Presentation by Professor Richard Hovannisian
at Navasartian Centre
Professor emeritus Richard Hovannisian presented his latest book on Armenian Communities in Asia Minor in London on the 29th November 2014. The evening was organised by Hamazkayin London Chapter. I would vigorously recommend Armenians of any age, political or social background, who has not attended Prof. Richard Hovannisian’s presentations yet, to hurry up and do so, as only by listening and watching the famous Professor, is possible to comprehend why he has received UCLA’s prestigious “the Most Inspiring Teacher Award”.
by Hasmik Harutunyan, Free-lance Reporter, London
Professor Richard Hovannisian, Gugenheim Fellow, founder of the department of Armenian studies at UCLA in the 1960s, author of dozens of reference books and research papers on Armenian history, is well over 80 now. Yet his passion for history, the accuracy of his observations, his ability to retain the attention of his audiences for almost two hours is truly remarkable. Professor Hovannisian spoke about his travels in Asia Minor for his latest book with much precision and detail, at the same time with great sense of humour.
Professor explained the history of the city of Kesaria, once known as Mossaka, when Armenian emperor Tigran the Great nicknamed “King of the Kings” invaded the region and conquered from Romans in the 1st c. B.C. However, Romans returned and conquered most of the land, while Mossaka was renamed Caesaria or Kesaria in honour of the Roman Caesar. Grigor Lusavoritch was born and brought up there, and later returned to be ordained in Kesaria. There is still a fully functioning Armenian Church called Grigor Lusavorich in Kesaria today. The wealthy Armenians here were merchants, manufacturers; among famous dynasties from Kesaria were Gulbenkian and Melkonian families.
Interestingly, in the Middle Ages, Armenians living in the city of Kesaria, were Turkish speaking, while in the villages, Armenians used to speak Armenian. During the slide show, professor Hovanissian explained that mountain Argeos, near the city of Kesaria, 3900m high, was the Holy Mountain for the local population. In the 19th century Armenian communities had cultural renaissance: hundreds of Armenian schools, colleges (varjaran) and printing houses were opened in towns and villages; the particular focus of these thriving communities was the education of girls. In every village where there were at least 100 Armenians, there was a church, a school, a band, a theatre club and active community life.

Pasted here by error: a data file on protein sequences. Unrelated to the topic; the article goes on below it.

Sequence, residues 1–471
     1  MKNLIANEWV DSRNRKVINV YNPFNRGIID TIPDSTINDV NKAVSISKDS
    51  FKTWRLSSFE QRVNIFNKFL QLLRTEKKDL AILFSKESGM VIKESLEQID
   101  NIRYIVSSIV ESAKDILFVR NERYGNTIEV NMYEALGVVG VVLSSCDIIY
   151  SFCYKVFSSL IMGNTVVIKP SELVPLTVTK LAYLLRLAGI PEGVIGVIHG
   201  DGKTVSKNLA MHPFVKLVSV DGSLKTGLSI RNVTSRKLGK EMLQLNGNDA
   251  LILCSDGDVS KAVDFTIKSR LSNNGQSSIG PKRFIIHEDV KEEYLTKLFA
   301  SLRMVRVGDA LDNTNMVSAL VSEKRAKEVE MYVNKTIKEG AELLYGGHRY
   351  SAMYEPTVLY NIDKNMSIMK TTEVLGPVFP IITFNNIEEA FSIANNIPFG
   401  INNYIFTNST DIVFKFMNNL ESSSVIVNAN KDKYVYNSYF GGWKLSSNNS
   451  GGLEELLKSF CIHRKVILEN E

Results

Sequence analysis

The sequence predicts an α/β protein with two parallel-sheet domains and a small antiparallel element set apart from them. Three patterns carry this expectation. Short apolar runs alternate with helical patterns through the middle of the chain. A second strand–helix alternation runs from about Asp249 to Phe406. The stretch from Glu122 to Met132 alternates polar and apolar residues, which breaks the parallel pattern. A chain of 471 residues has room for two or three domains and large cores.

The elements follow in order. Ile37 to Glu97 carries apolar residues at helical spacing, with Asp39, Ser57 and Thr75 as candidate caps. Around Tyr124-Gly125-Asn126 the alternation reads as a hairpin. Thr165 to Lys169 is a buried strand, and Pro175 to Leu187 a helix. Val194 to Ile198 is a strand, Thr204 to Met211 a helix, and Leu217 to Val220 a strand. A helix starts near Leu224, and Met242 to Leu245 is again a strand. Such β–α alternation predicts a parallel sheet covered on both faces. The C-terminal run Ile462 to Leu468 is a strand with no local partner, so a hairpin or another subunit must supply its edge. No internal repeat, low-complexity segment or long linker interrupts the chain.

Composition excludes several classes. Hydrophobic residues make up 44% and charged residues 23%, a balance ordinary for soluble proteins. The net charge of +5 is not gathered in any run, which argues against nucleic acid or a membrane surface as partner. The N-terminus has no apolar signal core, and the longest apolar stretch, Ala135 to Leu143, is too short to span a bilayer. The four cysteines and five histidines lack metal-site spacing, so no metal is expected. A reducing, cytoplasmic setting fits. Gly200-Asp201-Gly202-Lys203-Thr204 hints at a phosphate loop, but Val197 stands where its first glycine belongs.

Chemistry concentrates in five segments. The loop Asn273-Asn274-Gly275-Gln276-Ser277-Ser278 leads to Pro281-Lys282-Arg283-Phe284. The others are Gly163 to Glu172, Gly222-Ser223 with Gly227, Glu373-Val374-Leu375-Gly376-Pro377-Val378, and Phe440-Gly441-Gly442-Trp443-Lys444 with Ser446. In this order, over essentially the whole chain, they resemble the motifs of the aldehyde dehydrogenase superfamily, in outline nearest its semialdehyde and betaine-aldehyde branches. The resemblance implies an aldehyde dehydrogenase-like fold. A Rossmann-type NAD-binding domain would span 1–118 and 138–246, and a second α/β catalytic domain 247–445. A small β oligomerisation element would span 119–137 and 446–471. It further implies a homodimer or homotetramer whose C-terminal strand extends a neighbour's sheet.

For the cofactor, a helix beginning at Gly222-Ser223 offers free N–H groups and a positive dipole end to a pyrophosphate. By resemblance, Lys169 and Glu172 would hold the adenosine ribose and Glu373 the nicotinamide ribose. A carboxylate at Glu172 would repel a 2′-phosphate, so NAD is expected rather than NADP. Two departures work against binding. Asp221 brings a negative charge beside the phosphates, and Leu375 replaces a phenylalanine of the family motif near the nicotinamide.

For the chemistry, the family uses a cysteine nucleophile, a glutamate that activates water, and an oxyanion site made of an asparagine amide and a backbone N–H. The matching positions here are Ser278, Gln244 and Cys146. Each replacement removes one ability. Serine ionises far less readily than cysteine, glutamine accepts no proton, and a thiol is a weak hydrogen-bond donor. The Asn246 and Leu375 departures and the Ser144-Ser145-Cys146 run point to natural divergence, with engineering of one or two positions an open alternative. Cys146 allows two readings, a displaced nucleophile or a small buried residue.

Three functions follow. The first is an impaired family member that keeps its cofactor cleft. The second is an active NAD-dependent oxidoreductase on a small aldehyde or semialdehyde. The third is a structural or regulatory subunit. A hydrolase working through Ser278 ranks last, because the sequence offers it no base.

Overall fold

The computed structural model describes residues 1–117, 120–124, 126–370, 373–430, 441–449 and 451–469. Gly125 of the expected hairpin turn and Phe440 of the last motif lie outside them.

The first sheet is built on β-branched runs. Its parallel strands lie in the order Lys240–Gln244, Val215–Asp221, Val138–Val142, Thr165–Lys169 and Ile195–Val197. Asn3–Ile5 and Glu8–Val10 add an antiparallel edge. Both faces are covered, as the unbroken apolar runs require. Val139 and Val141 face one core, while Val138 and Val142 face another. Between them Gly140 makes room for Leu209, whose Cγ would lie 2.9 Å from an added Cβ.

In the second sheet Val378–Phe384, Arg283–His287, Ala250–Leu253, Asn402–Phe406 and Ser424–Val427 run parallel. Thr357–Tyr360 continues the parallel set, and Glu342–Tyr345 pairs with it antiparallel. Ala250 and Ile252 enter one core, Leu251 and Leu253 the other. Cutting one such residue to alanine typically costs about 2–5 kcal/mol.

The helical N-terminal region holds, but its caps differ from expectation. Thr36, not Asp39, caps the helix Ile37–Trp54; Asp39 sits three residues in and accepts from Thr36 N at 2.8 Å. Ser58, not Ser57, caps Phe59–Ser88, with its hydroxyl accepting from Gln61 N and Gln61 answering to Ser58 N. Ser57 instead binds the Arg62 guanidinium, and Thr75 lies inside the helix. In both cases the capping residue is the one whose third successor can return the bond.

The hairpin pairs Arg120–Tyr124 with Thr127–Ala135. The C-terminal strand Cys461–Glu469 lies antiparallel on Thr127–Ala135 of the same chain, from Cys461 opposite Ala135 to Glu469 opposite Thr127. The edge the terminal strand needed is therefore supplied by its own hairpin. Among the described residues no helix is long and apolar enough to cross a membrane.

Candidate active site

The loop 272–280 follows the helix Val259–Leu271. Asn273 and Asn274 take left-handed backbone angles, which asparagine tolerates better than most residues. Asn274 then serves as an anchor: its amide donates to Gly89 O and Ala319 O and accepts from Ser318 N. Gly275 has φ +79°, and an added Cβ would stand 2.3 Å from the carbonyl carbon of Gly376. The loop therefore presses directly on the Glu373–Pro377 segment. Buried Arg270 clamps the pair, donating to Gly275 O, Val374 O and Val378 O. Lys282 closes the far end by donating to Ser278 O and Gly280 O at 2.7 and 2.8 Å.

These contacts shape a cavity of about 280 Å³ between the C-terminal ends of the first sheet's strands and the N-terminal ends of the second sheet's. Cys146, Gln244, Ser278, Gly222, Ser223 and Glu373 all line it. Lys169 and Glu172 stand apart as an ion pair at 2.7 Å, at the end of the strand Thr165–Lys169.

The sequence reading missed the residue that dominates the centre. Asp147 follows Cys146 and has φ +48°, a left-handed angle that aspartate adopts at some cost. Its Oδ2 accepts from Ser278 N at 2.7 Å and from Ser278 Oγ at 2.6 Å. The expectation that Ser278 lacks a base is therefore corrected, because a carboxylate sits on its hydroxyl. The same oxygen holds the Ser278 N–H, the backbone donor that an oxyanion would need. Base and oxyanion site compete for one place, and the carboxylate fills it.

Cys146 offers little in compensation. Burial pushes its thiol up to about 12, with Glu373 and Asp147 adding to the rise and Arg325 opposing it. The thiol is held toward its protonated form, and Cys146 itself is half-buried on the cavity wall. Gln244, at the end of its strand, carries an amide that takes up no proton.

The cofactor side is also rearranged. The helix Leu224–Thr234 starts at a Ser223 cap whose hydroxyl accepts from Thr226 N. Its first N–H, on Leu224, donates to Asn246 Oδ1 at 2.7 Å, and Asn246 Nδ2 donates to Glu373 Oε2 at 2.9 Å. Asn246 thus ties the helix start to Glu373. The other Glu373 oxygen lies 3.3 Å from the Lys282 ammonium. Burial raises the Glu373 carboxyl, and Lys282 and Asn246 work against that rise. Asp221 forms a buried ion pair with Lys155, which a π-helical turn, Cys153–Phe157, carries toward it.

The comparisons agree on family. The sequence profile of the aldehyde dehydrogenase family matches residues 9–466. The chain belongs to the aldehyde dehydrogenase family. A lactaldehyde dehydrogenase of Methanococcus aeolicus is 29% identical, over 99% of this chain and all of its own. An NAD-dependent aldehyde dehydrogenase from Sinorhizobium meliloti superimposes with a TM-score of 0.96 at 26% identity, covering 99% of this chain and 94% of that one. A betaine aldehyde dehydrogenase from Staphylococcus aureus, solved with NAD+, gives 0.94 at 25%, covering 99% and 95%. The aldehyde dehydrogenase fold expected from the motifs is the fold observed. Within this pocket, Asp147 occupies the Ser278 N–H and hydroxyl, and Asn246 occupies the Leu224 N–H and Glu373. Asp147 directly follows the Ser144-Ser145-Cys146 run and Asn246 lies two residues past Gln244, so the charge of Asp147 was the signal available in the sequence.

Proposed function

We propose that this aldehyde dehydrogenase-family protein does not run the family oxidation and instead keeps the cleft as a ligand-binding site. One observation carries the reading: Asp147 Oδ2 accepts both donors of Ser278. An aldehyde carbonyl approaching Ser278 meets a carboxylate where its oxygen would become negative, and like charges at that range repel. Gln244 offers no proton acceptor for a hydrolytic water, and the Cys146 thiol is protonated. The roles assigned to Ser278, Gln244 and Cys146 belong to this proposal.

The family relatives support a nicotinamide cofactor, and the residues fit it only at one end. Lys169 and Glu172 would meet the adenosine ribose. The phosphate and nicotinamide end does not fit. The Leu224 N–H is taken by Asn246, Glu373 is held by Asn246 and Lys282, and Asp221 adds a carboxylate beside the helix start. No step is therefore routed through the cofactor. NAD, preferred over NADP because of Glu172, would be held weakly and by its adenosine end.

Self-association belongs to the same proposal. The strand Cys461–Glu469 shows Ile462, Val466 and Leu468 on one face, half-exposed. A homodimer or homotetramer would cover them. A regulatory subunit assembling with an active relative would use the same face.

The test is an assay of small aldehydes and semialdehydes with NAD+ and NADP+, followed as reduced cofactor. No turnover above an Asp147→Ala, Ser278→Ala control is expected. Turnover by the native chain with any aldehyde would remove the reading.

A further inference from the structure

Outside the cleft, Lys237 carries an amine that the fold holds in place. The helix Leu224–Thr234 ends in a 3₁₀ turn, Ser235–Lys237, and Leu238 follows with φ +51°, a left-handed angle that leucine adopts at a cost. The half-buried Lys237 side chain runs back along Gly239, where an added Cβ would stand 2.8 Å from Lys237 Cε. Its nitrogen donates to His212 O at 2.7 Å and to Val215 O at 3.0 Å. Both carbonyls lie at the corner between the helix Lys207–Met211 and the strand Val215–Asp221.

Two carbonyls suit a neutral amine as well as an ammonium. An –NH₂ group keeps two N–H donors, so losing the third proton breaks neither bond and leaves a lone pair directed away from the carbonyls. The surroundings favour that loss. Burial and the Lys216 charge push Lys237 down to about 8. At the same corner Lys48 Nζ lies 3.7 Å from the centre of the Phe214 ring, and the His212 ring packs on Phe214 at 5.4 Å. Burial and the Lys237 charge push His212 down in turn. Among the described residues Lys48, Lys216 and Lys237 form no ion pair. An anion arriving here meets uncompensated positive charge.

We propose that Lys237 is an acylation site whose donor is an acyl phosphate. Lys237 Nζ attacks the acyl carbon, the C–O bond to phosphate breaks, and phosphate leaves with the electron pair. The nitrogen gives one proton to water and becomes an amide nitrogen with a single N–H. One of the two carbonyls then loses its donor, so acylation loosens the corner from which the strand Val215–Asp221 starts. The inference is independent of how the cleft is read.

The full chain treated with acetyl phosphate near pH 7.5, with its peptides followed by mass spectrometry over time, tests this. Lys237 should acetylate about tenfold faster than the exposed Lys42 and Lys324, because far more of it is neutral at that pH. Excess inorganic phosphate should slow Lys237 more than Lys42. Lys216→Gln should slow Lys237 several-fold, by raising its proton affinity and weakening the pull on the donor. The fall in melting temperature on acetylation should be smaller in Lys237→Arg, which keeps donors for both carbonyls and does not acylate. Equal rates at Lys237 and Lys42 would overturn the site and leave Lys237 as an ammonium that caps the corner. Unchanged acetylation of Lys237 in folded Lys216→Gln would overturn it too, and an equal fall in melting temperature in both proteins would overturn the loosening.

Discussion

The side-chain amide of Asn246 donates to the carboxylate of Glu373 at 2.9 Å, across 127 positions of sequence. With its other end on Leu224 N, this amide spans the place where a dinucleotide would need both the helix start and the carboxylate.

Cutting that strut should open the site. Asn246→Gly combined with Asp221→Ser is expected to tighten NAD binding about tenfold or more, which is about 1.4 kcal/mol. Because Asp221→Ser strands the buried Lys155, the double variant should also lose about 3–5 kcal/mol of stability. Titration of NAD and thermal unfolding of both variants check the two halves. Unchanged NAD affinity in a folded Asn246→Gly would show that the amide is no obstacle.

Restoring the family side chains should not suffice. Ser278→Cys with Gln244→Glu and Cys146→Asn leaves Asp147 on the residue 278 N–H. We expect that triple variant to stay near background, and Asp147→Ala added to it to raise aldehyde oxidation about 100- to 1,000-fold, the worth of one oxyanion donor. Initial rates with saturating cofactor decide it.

Professor Hovannisian showed archive photos of the Boys’ School opened in 1868 for poor families, as well as St. Astvatatin imposing cathedral, which is nowadays being used as a sports hall. It was particularly emotional to watch the pictures of the graduating classes of those well-dressed girls and boys of 1914, who were destined to be the last graduates of the Armenian schools. “We all know what happened to these young people a year later”, said Prof. Hovannisian.
Professor Hovannisian noted that Armenians came to live in Asia Minor mainly in the XIV c. after the collapse of their last Kingdom of Cilicia. Thus, a small village Kutahya, was the birthplace of great Armenian composer, priest and musicologist Komitas. Armenians also lived in towns of Izmid, Adabazar, Bardizag, Armash (with its famous seminary), Bursa, Kutahia, Afion-Karahisar and many more. Armenians played an important role in the production of silk, textiles, timber, tobacco, tea, tiles and ceramics. Each community had its Armenian quarters, churches and schools, bands, choirs, string orchestras, theatre groups, newspapers, magazines, etc.
Two of the greatest Shakespearean actors, Bedros Adamian and Siranoush, originated from Bursa. They contributed not only to the development of Armenian theatre but founded Turkish dramatic theatre. Later on, both actors performed in many capitals of Europe and Asia, including Moscow, St. Petersburg, and were highly praised for their Shakespearean interpretations (added by reporter).
Prof. Hovannisian showed a documentary by his daughter Ani about Hamshenanhayer, living by the Black Sea between Turkey and Georgia. In the 16th and 17th centuries many Armenians had been forced to convert to Islam, yet continued to speak Armenian until today. People had been brainwashed by Turkish government that they were not Armenian, but spoke the language because they lived next to Armenians…Whereas those who escaped persecutions and remained Christian, emigrated to Georgia and Russia: Sochi, Krasnodar, Suchumi, Rostov among others.
Prof. Hovanissian finishied his presentation with a heart-breaking video report about an old Armenian woman in her 80s, Tigin Baidzar, from Tigranakert. She and her husband Sarkis had lived together for over 50 years, however, only last year, the Kurdish Maire of Tigranakert agreed to marry them legally, as Sarkis had no birth certificate, he had been refused civil marriage before.
“They even had a huge wedding cake,” said professor Hovannisian smiling, “Few months later, Tigin Baidzar passed away… It hurts.”
Destinies of all those survivors, every single one of them so special, so unforgettable and so heroic, as living evidence of the few survivors of the Genocide, captured by renowned historian Richard Hovannisian for generations to come.
By Hasmik Harutunyan
December the 1st, 2014